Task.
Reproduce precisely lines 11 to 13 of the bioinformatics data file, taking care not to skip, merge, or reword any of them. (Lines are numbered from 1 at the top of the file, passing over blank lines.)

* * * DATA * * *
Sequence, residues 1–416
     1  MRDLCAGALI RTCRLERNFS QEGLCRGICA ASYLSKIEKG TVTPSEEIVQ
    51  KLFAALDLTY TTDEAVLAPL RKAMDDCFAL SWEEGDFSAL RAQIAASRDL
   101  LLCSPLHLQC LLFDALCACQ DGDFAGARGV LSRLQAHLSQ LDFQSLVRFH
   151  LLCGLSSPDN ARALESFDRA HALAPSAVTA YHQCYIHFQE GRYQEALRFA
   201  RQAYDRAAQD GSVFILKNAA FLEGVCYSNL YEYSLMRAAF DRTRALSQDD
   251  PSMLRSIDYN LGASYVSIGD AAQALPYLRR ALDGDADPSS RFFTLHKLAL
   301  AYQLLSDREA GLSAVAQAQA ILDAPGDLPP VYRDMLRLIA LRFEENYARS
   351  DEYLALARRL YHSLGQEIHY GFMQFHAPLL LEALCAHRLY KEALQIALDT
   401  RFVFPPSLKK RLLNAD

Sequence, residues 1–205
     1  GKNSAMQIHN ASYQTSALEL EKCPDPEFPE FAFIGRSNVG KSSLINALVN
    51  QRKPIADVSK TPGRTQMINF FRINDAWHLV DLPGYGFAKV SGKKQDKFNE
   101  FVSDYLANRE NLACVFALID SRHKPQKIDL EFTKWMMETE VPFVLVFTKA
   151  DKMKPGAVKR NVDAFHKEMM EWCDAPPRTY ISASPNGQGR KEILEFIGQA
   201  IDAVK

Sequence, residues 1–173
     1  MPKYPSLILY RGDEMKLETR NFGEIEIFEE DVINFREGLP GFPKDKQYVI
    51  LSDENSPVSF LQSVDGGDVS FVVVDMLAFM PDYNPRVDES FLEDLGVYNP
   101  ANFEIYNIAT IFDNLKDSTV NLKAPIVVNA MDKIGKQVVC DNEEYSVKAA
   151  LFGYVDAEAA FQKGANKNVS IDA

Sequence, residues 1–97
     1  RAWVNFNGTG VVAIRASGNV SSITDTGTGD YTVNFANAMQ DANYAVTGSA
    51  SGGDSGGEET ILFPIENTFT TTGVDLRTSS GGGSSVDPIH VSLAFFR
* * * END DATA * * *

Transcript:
Sequence, residues 1–205
     1  GKNSAMQIHN ASYQTSALEL EKCPDPEFPE FAFIGRSNVG KSSLINALVN
    51  QRKPIADVSK TPGRTQMINF FRINDAWHLV DLPGYGFAKV SGKKQDKFNE